Ensconced in a laboratory packed with high-tech equipment, SIU Carbondale’s Arash Komaee is working on technology that might result in a new generation of surgical instruments. His efforts may someday lead, for example, to physicians using magnetize tools that can safely be operated inside a patient’s body using sufficiently strong magnets outside the body.
Komaee’s work, funded by a CAREER grant from the National Science Foundation, seeks to develop magnetic manipulators to be used in noninvasive medical, biomedical and nanotechnology applications.
The concept offers many potential benefits, such as noninvasive surgical, imaging and drug targeting procedures. Komaee’s work supports the efforts of many researchers, engineers, physicians and private companies currently pursuing design and development of noninvasive medical devices, contributing to broader efforts aimed at improving the quality of care, patient safety and access to affordable health care.
Get to know ARASH KOMAEE
Name: Arash Komaee
Department/job title: School of Electrical, Computer, and Biomedical Engineering, associate professor
Years at SIU: 6.5
Give us your elevator pitch for your job:
Like any other faculty member in a research university, I have three categories of assigned tasks. First are “services,” which include serving in different committees, serving in the Faculty Senate, writing a variety of reports, etc. Second, I do teaching at both graduate and undergraduate levels, more often graduate level. I do my best to be a good teacher.
Finally, and my favorite, I spend lots of time on research. This includes working on scientific problems individually or together with my doctoral students, authoring research papers, reviewing and correcting my students’ writing, and preparing research proposals to financially support my team. My research area is systems theory and control, which has a theoretical side classified as a subject of mathematics, and an applied side concerning automation and smart control of engineered systems like various robots.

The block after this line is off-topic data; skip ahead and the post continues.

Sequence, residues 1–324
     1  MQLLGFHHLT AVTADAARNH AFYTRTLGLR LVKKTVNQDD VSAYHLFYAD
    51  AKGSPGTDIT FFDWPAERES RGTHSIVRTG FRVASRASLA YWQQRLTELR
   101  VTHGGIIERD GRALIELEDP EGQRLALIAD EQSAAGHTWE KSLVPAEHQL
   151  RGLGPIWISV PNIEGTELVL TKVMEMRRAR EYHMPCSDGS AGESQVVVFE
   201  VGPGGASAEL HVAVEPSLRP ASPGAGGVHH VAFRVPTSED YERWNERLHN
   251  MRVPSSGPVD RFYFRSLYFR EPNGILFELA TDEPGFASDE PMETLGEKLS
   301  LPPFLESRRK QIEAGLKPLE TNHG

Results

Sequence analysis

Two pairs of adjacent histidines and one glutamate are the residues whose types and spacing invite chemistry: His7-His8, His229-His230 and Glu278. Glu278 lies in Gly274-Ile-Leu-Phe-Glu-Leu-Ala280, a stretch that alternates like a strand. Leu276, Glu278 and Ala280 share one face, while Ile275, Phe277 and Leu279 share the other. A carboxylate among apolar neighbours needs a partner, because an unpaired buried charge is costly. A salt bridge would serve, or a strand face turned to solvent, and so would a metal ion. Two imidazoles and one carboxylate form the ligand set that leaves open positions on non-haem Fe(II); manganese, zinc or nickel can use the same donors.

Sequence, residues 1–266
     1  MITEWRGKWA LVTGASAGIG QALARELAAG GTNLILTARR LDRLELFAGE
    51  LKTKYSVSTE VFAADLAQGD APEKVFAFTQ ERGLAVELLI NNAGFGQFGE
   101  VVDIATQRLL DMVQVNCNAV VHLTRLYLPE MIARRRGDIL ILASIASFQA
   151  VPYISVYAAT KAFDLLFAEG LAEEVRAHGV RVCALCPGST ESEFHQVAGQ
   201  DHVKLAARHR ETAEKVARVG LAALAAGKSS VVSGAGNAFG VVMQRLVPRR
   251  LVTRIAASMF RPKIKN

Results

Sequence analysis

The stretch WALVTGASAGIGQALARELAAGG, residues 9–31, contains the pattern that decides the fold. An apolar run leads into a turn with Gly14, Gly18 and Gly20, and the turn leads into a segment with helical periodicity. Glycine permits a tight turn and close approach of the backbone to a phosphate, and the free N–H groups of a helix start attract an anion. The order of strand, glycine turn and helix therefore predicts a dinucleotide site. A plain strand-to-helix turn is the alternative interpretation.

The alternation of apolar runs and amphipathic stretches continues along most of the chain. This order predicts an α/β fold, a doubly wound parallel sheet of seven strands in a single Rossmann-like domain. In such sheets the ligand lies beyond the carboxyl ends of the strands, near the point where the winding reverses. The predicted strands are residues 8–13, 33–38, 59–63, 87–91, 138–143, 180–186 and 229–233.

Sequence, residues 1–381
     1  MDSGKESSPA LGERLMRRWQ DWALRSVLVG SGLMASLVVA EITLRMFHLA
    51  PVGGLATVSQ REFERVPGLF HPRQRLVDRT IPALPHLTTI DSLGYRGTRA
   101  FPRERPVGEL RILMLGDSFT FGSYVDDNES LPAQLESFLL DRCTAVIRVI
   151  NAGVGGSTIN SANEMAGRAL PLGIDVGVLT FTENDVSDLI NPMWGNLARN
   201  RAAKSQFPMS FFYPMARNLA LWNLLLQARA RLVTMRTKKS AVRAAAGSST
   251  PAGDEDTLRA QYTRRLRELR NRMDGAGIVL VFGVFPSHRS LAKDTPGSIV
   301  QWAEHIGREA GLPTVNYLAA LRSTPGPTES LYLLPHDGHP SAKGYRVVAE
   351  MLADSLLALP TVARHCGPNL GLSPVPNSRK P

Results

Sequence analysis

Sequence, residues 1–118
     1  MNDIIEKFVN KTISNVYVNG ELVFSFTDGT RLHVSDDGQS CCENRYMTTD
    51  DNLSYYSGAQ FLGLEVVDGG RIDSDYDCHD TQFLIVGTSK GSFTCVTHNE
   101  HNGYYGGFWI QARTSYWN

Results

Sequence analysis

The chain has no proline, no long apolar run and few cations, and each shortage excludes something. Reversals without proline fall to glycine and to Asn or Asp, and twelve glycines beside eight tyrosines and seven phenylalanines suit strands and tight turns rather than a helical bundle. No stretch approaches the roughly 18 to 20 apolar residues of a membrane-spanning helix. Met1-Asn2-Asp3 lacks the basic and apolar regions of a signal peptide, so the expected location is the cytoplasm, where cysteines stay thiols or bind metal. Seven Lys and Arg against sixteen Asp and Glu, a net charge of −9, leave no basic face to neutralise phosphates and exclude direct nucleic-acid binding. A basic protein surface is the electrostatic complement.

My current focus is on a project sponsored by the National Science Foundation aimed at design and development of noncontact magnetic manipulators. These complex machines have attracted great attention for their transformative potential to develop new generations of minimally invasive medical procedures in which magnetized surgical tools or drug carriers can navigate the natural pathways of the patient’s body by precise control of external magnetic fields.
What is your favorite part of your job?
Research, no doubt! Dealing with new problems each day, finding new answers you did not know yesterday, and if you are lucky, posing new problems from time to time are my highest pleasure.
At the top of my “bucket list’ is to …
I do not have such a list commonly understood as “static” goals. My life is dynamic with dynamic goals. As time goes and I learn more about myself and the world, I constantly update my goals; often push them forward when I get close to them. This gives me continuous motivation for my entire life.
My favorite activity away from work is …
I am seldom away from work, not because I have to; because what I do at work is most interesting to me.
Why did you choose the academic life?
This seems most interesting to me.
My favorite toy growing up was…
I am happiest when I…
When I find a new problem to think about.
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